Yezdi Adventure review, test drive

Yezdi’s answer to the Royal Enfield Himalayan promises the same visual theme, but a greater level of capability.

One month after the new range of Yezdis was launched, Classic Legends finally gave us the opportunity to test these machines. We’ve only had a few hours with each bike, so we can’t tell you about performance, highway manners, city comfort and fuel efficiency. All of that will have to wait for another day, but, for now, we can tell you what each bike has to offer in terms of riding experience. This article is about the Yezdi Adventure.

It only takes a few minutes on the Adventure to tell that this bike rides differently, compared to the other two Yezdis. That should come as no surprise, considering the Adventure has a completely different chassis and is the only one with a rear monoshock.

Yezdi Adventure: design and specifications

What is also not long to discover is that Classic Legends seems to have compared the Royal Enfield Himalayan extensively, because from a distance the Adventure looks a little too much like the Enfield for comfort. The rectangular fuel tank and stock Yezdi-style engine design help this bike stand out a bit, but a little more originality in the design would have been welcome. As with the other two Yezdis, the general finish and the quality of the materials used must be improved.

The spec sheet is also quite similar, with 220mm ground clearance equivalent to that of the Himalaya; the same 21-inch front and 17-inch rear wheel sizes and the same front and rear suspension travel (200mm and 180mm, respectively). Yezdi quotes a weight of 188kg – but that’s without fuel – so with the 15.5 liter fuel tank overflowing, the Yezdi will likely weigh around the same as the Himalayan too, at 199kg.

Yezdi Adventure: engine

The big difference, of course, is Yezdi’s 30.2hp, 29.9Nm, 334cc liquid-cooled single-cylinder engine. The power delivered by the engine is similar to that Yezdi Roadsterwith a more pointed upper end than the Yezdi Jammer. Like the other two, the refinement could improve – the engine gets noisy at low revs and hums if you get it closer to the 8,000 rpm redline. Off-road there is a lot of low end, but you have to be careful not to let the revs drop too low in second gear, as the engine can stall a little easily in those conditions.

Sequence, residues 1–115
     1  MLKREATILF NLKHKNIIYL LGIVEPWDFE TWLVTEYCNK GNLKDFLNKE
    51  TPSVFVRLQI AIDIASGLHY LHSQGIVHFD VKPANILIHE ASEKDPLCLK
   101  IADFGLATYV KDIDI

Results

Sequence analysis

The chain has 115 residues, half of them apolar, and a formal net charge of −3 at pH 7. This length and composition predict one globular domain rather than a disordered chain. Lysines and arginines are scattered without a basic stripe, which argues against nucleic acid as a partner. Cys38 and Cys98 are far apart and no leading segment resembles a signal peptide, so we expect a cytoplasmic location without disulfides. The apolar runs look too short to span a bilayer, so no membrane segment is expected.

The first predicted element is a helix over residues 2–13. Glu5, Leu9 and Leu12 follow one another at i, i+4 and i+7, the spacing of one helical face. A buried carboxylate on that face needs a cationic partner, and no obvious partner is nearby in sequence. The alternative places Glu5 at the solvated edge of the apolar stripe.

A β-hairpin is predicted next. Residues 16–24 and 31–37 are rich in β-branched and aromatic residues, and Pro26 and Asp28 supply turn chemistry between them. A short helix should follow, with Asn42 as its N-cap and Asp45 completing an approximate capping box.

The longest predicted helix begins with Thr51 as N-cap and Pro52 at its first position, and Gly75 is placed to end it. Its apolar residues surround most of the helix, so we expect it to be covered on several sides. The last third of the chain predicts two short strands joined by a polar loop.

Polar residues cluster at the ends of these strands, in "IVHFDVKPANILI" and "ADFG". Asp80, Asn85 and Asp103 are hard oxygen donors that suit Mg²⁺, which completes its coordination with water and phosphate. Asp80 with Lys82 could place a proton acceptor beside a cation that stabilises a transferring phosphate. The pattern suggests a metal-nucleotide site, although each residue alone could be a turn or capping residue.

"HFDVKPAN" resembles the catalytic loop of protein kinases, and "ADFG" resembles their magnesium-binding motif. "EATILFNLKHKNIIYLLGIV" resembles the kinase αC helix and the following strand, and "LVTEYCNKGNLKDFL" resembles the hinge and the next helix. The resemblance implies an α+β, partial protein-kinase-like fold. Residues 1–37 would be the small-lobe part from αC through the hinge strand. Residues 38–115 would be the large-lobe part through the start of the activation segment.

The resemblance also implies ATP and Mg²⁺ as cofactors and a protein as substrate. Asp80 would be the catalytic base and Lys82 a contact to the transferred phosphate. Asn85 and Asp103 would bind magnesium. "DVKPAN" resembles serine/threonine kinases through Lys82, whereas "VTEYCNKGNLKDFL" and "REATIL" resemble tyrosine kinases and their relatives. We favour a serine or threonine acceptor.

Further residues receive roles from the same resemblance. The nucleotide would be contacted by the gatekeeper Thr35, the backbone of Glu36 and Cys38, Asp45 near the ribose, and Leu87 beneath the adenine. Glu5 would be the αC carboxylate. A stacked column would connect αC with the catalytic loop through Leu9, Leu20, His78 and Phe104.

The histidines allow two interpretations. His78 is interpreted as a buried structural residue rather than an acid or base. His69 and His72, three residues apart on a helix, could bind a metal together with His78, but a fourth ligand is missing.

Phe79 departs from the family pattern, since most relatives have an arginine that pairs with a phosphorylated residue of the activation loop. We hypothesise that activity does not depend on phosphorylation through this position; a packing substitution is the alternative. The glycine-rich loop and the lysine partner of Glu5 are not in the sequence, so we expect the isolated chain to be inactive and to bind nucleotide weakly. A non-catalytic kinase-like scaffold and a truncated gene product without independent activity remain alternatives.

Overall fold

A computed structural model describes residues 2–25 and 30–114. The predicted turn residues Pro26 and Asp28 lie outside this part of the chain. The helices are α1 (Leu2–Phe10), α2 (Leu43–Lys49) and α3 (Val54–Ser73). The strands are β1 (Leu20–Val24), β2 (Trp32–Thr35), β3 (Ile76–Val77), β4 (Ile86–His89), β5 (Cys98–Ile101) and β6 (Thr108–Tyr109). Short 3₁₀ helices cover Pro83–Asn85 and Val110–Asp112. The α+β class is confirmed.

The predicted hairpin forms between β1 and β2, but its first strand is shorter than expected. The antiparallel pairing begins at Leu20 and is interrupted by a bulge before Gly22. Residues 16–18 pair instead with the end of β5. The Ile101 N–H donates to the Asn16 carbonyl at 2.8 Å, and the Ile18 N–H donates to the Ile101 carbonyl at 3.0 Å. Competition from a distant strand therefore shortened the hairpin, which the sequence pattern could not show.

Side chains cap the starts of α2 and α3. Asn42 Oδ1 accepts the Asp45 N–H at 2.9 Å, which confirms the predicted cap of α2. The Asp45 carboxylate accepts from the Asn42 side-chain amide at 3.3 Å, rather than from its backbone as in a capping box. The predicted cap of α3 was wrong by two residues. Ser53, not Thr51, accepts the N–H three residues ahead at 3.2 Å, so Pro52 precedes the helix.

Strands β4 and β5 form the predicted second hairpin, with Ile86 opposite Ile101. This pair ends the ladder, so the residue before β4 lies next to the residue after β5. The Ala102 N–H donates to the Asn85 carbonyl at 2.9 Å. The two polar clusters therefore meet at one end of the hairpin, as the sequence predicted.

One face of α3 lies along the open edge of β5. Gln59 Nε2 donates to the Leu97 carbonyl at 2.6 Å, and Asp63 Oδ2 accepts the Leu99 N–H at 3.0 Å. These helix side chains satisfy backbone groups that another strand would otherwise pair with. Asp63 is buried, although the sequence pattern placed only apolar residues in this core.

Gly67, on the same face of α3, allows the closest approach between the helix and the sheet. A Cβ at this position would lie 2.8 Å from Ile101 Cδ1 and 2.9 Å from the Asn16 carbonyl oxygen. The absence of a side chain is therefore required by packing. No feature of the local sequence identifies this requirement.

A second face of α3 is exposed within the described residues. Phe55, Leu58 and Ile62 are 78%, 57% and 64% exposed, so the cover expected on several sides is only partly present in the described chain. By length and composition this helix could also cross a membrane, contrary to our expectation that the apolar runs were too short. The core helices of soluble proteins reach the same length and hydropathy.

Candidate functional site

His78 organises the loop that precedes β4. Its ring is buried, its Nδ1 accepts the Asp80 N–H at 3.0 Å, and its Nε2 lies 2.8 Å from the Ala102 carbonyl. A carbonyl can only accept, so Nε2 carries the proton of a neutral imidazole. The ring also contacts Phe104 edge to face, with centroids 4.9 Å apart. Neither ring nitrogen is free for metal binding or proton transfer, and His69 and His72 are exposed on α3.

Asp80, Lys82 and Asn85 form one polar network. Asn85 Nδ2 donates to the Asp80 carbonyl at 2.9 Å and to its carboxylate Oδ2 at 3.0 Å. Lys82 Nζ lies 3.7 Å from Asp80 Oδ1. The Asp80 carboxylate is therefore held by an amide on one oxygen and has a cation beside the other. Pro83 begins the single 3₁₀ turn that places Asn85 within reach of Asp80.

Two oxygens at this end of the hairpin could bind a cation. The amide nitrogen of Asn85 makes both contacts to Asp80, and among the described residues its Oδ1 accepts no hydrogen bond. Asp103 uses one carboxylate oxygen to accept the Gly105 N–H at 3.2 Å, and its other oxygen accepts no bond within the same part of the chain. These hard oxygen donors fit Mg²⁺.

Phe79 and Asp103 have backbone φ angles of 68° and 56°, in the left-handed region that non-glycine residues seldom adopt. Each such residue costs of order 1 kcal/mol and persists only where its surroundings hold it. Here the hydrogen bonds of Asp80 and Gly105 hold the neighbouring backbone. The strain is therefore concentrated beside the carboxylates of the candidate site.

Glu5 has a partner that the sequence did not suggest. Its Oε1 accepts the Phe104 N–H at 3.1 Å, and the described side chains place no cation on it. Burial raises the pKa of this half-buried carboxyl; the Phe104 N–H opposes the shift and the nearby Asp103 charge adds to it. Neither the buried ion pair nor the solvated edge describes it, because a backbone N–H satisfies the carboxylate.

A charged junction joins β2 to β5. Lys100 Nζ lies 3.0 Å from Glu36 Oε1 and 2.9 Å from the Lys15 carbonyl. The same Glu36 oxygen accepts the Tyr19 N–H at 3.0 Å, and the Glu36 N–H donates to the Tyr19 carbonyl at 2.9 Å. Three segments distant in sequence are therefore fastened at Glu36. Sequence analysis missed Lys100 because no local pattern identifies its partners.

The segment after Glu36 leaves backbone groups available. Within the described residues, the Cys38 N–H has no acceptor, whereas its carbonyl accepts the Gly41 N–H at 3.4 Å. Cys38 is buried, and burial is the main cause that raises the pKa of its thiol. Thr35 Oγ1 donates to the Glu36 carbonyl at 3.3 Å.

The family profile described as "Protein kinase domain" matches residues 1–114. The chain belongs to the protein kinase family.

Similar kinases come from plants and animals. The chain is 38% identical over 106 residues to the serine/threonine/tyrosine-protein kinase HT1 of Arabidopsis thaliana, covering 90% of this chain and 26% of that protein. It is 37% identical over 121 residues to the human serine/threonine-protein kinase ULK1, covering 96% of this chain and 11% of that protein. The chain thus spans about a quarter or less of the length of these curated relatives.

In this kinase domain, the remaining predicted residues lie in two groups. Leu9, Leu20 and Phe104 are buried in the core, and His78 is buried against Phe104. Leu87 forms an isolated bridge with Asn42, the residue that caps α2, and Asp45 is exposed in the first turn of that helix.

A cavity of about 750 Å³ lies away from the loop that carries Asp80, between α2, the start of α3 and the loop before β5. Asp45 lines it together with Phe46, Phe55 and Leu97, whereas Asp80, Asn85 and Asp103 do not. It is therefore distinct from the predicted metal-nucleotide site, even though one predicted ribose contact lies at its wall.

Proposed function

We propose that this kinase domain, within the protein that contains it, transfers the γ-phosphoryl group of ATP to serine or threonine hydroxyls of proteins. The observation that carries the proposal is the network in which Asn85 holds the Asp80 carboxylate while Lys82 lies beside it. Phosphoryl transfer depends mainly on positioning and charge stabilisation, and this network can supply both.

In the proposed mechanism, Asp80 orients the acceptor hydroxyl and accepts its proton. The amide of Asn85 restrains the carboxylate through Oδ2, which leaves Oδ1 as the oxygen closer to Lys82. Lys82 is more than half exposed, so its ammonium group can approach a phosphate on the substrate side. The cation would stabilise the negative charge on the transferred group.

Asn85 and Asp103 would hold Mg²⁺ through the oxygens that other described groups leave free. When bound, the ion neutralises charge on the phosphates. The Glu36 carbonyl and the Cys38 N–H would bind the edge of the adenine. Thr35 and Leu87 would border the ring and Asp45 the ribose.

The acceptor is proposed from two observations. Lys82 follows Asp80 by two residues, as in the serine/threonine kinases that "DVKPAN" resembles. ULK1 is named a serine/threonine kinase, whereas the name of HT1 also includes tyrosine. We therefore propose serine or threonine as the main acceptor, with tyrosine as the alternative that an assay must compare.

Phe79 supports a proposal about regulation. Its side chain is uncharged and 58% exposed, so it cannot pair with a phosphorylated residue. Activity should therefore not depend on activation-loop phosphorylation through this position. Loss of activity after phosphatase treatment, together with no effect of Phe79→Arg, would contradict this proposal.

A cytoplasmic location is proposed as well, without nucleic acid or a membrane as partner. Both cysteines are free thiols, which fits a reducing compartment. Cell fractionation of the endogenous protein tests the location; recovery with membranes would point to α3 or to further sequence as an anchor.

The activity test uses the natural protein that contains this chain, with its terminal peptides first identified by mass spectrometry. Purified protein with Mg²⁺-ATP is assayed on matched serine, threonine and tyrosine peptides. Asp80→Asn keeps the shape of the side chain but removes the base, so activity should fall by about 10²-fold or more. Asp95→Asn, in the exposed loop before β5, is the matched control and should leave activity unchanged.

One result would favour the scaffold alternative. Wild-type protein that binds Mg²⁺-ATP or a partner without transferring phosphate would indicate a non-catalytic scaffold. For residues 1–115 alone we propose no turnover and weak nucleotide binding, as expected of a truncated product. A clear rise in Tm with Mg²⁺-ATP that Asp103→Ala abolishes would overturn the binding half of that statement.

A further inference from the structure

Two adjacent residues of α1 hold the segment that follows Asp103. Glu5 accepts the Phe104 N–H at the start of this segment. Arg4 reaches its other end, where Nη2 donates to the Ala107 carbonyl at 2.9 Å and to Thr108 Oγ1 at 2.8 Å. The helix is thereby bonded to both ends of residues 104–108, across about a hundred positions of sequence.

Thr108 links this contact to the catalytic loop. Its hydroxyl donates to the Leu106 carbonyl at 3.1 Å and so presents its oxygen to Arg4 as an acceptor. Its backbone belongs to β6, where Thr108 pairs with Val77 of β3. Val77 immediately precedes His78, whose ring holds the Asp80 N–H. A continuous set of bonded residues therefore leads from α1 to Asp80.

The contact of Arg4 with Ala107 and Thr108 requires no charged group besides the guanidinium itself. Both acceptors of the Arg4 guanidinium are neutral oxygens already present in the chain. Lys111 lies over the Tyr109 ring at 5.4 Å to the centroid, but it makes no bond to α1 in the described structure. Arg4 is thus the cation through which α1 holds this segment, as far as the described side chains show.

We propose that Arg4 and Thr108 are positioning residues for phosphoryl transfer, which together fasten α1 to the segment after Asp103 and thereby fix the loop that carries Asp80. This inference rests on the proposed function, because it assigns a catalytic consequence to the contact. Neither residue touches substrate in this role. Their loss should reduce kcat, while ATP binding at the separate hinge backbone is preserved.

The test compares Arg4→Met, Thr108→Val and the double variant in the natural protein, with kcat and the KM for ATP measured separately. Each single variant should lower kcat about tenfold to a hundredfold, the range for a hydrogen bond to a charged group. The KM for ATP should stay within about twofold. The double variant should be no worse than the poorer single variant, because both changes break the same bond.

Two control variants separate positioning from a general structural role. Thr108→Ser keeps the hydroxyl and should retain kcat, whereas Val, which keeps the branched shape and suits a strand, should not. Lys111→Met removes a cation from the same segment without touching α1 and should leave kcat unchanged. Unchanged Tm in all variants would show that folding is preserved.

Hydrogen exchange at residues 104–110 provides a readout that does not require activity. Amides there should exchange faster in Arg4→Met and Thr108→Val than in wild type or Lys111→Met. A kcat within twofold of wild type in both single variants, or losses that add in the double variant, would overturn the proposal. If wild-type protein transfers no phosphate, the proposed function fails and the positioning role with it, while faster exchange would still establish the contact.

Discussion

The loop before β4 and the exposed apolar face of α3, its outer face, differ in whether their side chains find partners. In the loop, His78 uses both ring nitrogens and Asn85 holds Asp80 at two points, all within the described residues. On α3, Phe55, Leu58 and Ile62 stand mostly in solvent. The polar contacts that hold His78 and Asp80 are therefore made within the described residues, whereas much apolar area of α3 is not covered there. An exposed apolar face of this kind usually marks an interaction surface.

Yezdi Adventure: dynamic

In the dirt, the Yezdi feels easier and more capable to ride than the Scrambler, thanks to its larger front wheel, more off-road-oriented tires and more comfortable suspension setup. In fact, it feels like it could perform as well as the Himalayan, if not better, and that’s something we’re keen to review one after the other.

On the road, that plush suspension feel continues here and the Adventure simply floats. On bumpy surfaces, the rear shock feels a little too soft and under-damped, and it can create a bit of a pogo-ing effect. Considering the suspension and tire setup of this bike, the handling is pretty decent and there’s not much to complain about. The same goes for the brakes on all three bikes – they’re perfectly adequate, but they do require some effort for powerful braking.

Yezdi Adventure: features and accessories

Like the Yezdi Scrambler, the Adventure has three modes for dual-channel ABS, including an off-road mode that lets you turn off rear ABS. Both bikes also get a pretty tough metal skid plate, but you’ll probably still want to be a little careful with the coolant reservoir which is positioned under the engine.

The Adventure is positioned as Yezdi’s top-of-the-line model and benefits from a few additional features, including a tilt-adjustable rectangular instrument console. The circular LCD screen inside this console is the same as on the other two bikes, but the Adventure also has some small TFT screens to show Bluetooth features such as calls and navigation aids – l ‘Adventure is the only Yezdi that supports Bluetooth connectivity. .

Like the Scrambler, the Adventure you see here also wears optional accessories, including the headlight grille, handguards and lower engine guards. Strangely, the upper metal frame that fits around the fuel tank isn’t sold with the bike, but Yezdi calls it a mandatory accessory. Apparently, when you buy the bike, you also have to buy it for an additional fee.

Nonetheless, this Yezdi is priced competitively between Rs 2.1 lakh to 2.19 lakh depending on the color scheme you choose. This positions it almost exactly on par with the Royal Enfield Himalayan.

Also see:

Yezdi Roadster review: the entry-level Yezdi

Yezdi Scrambler review – it wants to play

Abdul J. Gaspar